We explain what a byte is, the origin of the term and what it is for. Also, some characteristics and its measurement scale.

## What is a byte?

The basic unit of information used in computing and telecommunications is known as a byte. **equivalent to a regular ordered set of bits** (binary code), generally stipulated in 8. That is to say: 8 bits are equivalent to a byte, but this amount can be altered, so a byte is actually equivalent to *n* ordered bits. This unit does not have a conventional symbol for representation, but in some countries the letter B is used.

The origin of this term is assumed to be in the English acronym of *Binary** **Tuple* o Binary tuple, which is equivalent to an ordered sequence of binary elements.

However, the phonetic similarity of byte with *bite* (“bite” or “bite” in English) also meant its use since it was the minimum amount of data that could be fed to a system at a time (the minimum amount that could “bite”).

Regarding the amount of information that a byte represents, consider that it takes approximately 8 bits to represent one letter in the binary code of most commercial computer systems today, that is: **one byte is equivalent to one letter** so an entire paragraph may exceed 100 B, and a very short text will reach the next higher unit, the kilobyte (1024 B = 1 kB).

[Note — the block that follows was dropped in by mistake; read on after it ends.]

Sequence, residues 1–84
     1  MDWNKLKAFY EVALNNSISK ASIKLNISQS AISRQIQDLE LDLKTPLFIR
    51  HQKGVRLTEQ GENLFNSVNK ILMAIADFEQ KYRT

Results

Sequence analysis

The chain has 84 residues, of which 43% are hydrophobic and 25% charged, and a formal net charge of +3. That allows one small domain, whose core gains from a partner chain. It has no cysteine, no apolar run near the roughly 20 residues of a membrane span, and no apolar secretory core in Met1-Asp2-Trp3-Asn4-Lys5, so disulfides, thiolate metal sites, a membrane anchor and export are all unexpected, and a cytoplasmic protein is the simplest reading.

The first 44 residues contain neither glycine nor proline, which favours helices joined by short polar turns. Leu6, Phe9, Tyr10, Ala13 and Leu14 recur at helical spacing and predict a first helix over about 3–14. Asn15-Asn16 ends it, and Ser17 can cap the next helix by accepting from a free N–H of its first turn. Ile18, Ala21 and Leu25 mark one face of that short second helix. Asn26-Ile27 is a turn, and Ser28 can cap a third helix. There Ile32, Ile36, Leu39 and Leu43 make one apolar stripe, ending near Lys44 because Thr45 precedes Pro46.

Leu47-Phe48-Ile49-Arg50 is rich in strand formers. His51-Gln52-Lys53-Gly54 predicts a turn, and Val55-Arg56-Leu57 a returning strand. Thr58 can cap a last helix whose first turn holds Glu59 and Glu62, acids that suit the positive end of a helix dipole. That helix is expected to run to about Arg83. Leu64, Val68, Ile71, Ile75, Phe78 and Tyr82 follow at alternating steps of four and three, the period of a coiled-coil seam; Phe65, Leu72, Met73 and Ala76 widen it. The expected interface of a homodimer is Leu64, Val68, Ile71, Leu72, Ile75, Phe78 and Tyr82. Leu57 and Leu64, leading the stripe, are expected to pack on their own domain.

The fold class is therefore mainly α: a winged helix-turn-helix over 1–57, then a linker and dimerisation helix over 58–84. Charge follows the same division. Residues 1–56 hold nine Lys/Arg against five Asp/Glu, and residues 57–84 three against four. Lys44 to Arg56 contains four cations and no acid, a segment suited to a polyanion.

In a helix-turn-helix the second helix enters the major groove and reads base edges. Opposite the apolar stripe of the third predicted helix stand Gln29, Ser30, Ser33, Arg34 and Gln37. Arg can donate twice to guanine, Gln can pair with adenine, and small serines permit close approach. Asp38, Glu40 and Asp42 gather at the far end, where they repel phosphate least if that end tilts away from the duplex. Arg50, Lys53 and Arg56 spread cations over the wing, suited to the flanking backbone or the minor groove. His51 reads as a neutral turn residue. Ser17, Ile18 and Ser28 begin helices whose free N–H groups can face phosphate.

From then on, a whole scale of measuring the amount of digital information begins, as follows (in accordance with the ISO/IEC 80000-13 standard):

- 1024 B = 1 kB (one kilobyte, equivalent to a very short text)
- 1024 kB = 1 mB (one megabyte, equivalent to a complete novel)
- 1024 mB = 1 gB (one gigabyte, equivalent to an entire library shelf full of books)
- 1024 gB = 1 tB (one terabyte, equivalent to an entire small library)
- 1024 tB = 1 pB (one petabyte, equivalent to the amount of data handled by Google per hour in the world)
- 1024 pB = 1 eB (one exabyte, equivalent to the weight of all the information on the Internet at the end of 2001).

Bytes and their higher measurements are also often used to **measure the storage capacity of digital memory devices** or data transfer rates through computer networks of various types.

See also: Database